How to Clean an Antique Clock Case

Antique clocks are a sought-after crown jewel clock enthusiasts and fans of traditional décor. These elegant mechanical clocks, pendulum clock and early quartz clocks will look impressive in any home.

Proper care for old clocks is important. They are valuable instruments made of materials that require regular maintenance to look and function properly. Our antique clock case cleaning guide demonstrates how to restore a wooden or brass Chelsea Clock vintage clock exterior and offers a few other tips for classic clock preservation.

Cleaning a Vintage Wood Clock Case

Many old clock cases are dark and dirty from years of dust collection, furniture polish build-up and potentially even smoke damage. Still, the original finish is likely beneath it all. The goal is getting the dirt off without also removing the refined finish.

If you can’t find a product specifically formulated for cleaning clock cases, we’ve found Mr. Clean works very well. (Do not use any cleaner with a pH about 7.0, as this will continue eating at the surface after you’re done cleaning.) Add some Mr. Clean to a super-fine steel wool pad, soft-bristle brush or cotton swab and gently scrub using a circular motion until the wood grain reappears.

Once you’ve restored the original finish, regular cleaning and polishing will maintain the luster. Simply rubbing the case with a soft cotton cloth will remove dust and surface dirt. For polishing, apply a wood finishing wax of your choice with a cotton cloth or soft-bristle brush. Avoid silicone-based spray polishes; these leave an intense shine but clog the pores and grain in the process.

Antique Wall Clock

How to Clean Antique Brass Clocks and Watches

Even the most tarnished, blackened brass clock case can be restored to its original luster. To clean off the tarnish, you must first remove the existing lacquer. The protective clear coat applied during the clock-making process often doesn’t wear evenly, leading to splotches on the case. Evenly brush on a paint-stripper paste to take off the lacquer (test a small patch first to make sure it works). After the surface has dried, apply brass polish using a soft cotton cleaning cloth following the product instructions.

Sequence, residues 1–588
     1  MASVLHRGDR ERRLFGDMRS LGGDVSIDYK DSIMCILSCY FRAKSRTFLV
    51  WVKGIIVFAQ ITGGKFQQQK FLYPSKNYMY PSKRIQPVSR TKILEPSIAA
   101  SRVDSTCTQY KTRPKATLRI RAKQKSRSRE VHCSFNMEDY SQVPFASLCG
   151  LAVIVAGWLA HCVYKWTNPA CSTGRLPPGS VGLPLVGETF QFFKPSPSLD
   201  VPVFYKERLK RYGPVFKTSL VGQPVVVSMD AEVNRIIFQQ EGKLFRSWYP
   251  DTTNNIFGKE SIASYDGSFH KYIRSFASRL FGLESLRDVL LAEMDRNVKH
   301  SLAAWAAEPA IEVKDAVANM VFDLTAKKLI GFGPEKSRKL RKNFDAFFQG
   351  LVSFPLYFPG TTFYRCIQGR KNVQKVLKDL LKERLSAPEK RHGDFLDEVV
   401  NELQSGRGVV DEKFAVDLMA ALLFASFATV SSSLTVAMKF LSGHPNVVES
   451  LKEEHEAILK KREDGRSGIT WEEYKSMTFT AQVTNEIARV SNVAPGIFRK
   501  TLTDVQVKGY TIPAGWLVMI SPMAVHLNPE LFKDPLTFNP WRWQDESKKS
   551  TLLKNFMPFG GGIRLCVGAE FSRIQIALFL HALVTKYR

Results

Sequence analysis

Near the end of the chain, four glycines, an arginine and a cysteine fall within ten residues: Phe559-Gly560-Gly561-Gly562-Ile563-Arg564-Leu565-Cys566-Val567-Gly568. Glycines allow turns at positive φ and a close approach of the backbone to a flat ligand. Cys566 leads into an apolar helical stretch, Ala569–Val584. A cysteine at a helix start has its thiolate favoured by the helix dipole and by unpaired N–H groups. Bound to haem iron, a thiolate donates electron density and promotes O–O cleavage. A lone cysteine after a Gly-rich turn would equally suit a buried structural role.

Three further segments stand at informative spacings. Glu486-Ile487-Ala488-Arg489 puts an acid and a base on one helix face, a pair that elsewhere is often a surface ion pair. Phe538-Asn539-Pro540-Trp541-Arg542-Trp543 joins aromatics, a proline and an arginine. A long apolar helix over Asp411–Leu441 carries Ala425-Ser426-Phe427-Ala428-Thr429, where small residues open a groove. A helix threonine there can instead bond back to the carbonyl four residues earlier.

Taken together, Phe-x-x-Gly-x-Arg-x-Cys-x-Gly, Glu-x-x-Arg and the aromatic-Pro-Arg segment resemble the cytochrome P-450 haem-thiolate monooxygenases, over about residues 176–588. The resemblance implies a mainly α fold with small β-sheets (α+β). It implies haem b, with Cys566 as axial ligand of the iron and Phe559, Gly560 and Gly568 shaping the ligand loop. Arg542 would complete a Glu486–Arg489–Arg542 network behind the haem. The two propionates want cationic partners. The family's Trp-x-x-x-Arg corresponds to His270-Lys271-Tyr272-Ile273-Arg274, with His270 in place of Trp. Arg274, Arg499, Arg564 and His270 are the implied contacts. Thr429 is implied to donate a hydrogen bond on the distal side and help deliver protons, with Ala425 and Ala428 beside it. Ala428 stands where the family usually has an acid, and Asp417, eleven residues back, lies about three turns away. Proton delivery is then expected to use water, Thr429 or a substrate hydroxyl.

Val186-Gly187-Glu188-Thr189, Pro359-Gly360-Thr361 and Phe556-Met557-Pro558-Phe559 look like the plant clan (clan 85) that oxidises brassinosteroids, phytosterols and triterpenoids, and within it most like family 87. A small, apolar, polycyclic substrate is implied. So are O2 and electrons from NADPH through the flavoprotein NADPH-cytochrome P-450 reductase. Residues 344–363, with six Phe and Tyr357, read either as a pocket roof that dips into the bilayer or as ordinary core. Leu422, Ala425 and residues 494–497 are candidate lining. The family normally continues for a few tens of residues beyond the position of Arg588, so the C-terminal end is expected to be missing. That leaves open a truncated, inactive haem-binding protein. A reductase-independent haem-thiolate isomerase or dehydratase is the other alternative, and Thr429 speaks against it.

After the case is restored, you have three choices: add a new lacquer coat, continue to polish regularly or let the natural dark patina build evenly. If you prefer the aged look of brass patina, you can still clean your brass clock case without taking off this oxide layer. The simplest way to do this is with a liquid detergent free of ammonia and acids or with the organic solvent acetone.

Other Tips for Antique Clock Care

  • Always handle vintage clocks delicately.
  • Oil the mechanism every four to five years and get full service done every 10 years.
  • Don’t position your clock near a fireplace, radiator, direct sunlight or any other place where extreme temperatures and humidity are possible.
  • Keep the clock running. If left idle, the parts dry up and often require service to get running again.
  • When adjusting the time, always do so in a clockwise direction.

By following this guide, you can keep decades-old clocks looking exquisite for many more decades. If you’re looking for a new piece, visit our antique and vintage clock collection to see what’s available. We also offer full repair and restoration services if your vintage clock needs more extensive work.